Slow summer in Dorset

Thursday, 21 November 2019

This summer I grabbed every opportunity to spend time with my family. I couldn't set aside whole weeks to join them on their holidays, but a couple of days here and a meeting in a random town to hand me over to the next group for another couple of days, meant I got to have a little quality time. My mum's family have been going to this little village in Dorset since my grandfather was a child, and after a bit of a gap in visits, my mum, nan and aunt began going back again to revisit some of their childhood haunts. I've never been, so it was lovely to take walks my family have done for generations, and learn about the time they've spent here. I got the train down and we went straight out on a walk to blow out the cobwebs. For the rest of the afternoon I worked from the cosy low-ceilinged living room of our cottage, and popped up to the pub for a pint of cider and to listen to local bands playing to a room filled with tipsy, happy people. The pub combines my favourite things (pints, and museums) - it doubles up as the local museum, filled with fossils and bits and pieces found over the years.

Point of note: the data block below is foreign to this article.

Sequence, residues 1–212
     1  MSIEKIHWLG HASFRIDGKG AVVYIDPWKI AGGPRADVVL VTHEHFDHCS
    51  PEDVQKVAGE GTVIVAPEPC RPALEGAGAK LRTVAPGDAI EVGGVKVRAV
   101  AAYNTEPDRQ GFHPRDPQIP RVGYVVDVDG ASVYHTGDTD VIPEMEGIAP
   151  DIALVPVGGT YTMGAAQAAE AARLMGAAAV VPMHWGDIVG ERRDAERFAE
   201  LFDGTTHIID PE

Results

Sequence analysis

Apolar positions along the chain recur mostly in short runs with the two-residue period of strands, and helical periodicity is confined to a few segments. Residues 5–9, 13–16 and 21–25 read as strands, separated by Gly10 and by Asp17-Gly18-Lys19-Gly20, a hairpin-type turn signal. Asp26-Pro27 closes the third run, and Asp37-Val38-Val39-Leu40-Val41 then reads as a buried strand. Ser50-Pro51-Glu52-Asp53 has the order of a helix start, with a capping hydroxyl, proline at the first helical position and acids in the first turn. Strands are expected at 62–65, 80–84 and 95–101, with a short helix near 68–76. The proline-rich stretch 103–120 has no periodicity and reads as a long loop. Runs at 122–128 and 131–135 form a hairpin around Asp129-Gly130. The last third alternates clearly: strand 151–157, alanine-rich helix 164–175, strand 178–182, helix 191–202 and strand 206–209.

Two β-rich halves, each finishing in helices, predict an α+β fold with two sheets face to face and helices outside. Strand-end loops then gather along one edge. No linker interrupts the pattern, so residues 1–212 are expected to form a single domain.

My mum and I walked around the village, talked about who used to live here and how people still remembered our family. My nan has been swimming in Chapman's Pool for decades, and it was perfect last year during the heatwave - unfortunately it was too cold for anyone to want to strip off this year, plus a big storm had pulled up a lot of seaweed on the shore. Still, we watched the waves, hunted for fossils in the debris, and ate packed sandwiches and chopped apples on the beach. On our walk, we pointed out plants we didn't know and had my nan identify them as she's done forever; we guessed bird calls; we counted butterflies. At the pub for dinner, the dog got fussed over by every person who walked past and got sneaked treats by the bar staff.









The next day, we went to Corfe to look at the Castle (from the National Trust tea shop, with biscuits and tea) and picked out houses in the village we'd like to live in. I hunched over my laptop for a few more hours before we took a final walk out to a point up the coast, watching the sun set over the bays up the coast. We all got cold, and so we headed home ready to wrap up in blankets to sit out - you can see the milky way in its glory out here, instead of the light fog that you get in London - and I saw my first shooting star.  










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